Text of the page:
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Smear test alternative hope

15th May 2008

Researchers from the Hammersmith Hospital in London have suggested that they have found a better method of screening for cervical cancer.

cervical cancer

The team say that the test for the common sex infection human papillomavirus (HPV) may be better at screening for cervical cancer than smear tests.

In a study of 3,000 women, published in the International Journal of Cancer, the Hammersmith team found that HPV testing was more accurate and also so sensitive that it only needed to be carried out every six years, compared to every three years for smears.

The study, covering 40 GP surgeries, involved carrying out HPV tests and smear tests on women who were aged 35 and over.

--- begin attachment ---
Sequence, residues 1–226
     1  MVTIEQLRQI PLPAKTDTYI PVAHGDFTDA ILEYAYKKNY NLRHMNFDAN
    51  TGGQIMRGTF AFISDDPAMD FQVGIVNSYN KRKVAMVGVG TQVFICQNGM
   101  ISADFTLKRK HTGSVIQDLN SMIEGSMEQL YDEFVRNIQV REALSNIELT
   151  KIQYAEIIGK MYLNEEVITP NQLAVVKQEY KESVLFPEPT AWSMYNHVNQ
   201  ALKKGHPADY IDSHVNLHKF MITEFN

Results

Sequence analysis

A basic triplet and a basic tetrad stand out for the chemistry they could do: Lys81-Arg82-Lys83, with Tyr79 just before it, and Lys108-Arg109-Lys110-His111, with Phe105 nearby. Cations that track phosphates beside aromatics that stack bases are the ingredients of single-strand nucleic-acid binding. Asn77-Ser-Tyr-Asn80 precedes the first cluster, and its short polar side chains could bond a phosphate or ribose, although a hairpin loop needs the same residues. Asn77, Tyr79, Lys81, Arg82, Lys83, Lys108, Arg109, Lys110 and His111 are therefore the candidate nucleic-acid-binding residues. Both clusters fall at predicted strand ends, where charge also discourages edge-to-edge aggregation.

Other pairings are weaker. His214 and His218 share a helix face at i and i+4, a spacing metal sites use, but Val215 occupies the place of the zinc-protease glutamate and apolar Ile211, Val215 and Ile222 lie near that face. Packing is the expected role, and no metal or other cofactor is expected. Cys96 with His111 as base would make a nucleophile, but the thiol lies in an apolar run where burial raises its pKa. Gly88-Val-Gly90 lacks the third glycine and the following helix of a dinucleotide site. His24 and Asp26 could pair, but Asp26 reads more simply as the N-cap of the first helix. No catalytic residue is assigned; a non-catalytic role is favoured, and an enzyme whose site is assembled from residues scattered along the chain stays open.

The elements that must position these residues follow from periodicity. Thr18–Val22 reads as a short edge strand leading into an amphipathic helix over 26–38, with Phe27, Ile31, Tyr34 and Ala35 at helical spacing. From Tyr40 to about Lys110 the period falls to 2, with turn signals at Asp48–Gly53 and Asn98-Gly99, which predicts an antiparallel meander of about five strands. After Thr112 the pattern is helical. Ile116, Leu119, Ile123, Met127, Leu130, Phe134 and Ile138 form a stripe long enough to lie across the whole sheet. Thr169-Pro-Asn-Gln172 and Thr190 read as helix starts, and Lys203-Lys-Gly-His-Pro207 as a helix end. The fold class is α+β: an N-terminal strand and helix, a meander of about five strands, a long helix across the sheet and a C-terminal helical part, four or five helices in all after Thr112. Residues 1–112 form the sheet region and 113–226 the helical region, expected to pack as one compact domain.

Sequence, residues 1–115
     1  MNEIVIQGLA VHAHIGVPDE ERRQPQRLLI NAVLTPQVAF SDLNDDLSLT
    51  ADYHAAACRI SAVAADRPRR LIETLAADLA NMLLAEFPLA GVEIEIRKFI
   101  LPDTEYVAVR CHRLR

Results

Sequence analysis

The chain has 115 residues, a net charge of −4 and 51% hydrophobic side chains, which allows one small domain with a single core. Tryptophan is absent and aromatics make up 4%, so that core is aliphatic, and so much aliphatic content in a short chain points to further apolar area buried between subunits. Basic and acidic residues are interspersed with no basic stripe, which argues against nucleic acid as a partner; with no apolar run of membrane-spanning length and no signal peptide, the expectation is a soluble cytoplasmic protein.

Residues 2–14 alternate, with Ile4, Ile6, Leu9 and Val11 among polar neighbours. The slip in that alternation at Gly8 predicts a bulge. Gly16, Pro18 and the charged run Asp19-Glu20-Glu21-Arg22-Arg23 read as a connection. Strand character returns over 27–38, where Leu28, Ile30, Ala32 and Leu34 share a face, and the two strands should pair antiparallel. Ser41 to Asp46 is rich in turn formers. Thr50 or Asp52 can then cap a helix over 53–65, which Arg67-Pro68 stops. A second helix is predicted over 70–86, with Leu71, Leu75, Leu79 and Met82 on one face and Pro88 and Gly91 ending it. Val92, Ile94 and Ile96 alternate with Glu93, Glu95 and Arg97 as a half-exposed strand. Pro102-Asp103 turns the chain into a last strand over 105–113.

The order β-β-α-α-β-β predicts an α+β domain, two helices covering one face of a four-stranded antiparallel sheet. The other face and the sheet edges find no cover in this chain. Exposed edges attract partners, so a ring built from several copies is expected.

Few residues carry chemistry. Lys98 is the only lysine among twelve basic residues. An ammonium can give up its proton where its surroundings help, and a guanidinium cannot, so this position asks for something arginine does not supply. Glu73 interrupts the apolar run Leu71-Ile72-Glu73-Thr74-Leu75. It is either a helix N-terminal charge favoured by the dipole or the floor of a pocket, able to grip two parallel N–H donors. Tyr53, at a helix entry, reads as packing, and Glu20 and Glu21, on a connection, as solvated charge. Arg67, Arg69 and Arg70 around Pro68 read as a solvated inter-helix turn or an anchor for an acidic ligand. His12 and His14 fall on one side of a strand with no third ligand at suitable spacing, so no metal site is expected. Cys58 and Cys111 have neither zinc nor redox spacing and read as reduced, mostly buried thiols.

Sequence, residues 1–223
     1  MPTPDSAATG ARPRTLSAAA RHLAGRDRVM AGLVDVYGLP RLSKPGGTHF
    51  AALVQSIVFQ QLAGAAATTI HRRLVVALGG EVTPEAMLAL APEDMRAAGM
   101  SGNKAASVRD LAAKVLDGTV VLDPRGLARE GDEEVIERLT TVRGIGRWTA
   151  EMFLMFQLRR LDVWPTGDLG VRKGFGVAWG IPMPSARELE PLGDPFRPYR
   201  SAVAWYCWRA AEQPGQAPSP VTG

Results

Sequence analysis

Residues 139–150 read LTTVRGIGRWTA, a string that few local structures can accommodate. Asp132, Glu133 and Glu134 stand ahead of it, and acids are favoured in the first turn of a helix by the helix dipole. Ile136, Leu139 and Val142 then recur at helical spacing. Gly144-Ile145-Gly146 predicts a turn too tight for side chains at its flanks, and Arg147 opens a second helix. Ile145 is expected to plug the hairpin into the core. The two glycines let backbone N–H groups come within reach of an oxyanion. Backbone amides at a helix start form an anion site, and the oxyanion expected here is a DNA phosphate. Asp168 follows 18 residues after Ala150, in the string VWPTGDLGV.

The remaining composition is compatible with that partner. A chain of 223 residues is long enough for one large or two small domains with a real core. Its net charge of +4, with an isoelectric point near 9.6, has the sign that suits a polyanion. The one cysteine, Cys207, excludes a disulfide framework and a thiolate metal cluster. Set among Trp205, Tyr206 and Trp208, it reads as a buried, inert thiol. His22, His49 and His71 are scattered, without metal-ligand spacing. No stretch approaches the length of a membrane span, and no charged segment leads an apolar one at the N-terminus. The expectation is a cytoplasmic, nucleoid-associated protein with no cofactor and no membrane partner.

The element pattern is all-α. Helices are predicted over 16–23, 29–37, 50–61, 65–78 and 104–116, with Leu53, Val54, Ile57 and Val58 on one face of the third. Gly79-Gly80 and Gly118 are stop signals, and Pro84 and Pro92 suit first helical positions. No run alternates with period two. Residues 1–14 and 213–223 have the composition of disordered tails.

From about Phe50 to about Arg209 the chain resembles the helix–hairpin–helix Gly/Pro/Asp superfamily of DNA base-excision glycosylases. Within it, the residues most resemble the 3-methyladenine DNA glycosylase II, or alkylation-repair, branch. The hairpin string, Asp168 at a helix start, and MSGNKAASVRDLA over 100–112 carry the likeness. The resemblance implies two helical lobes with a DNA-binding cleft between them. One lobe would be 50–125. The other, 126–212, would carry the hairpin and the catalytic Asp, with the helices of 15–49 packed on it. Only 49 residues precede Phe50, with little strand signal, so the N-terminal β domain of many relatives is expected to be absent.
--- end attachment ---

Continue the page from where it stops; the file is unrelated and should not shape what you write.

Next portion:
It revealed that while the protection offered by a smear test fell away after three years, HPV testing lasted for six.

Professor John Cuzick, who led the research, said: “I think the evidence is almost there to start using HPV testing instead of smears for women, using smear testing when HPV is found.?

However, researchers acknowledged that more work was needed to clarify how effective the test was for younger women and also of the cost effectiveness of the plan. Previous studies have concluded that HPV testing should be used in combination with smear testing – currently carried out in women aged 25-65 - rather than replace it.

About 70% of cervical cancer cases result from the different HPV strains and an HPV vaccination for schoolgirls is due to be rolled out across the UK later this year.

 

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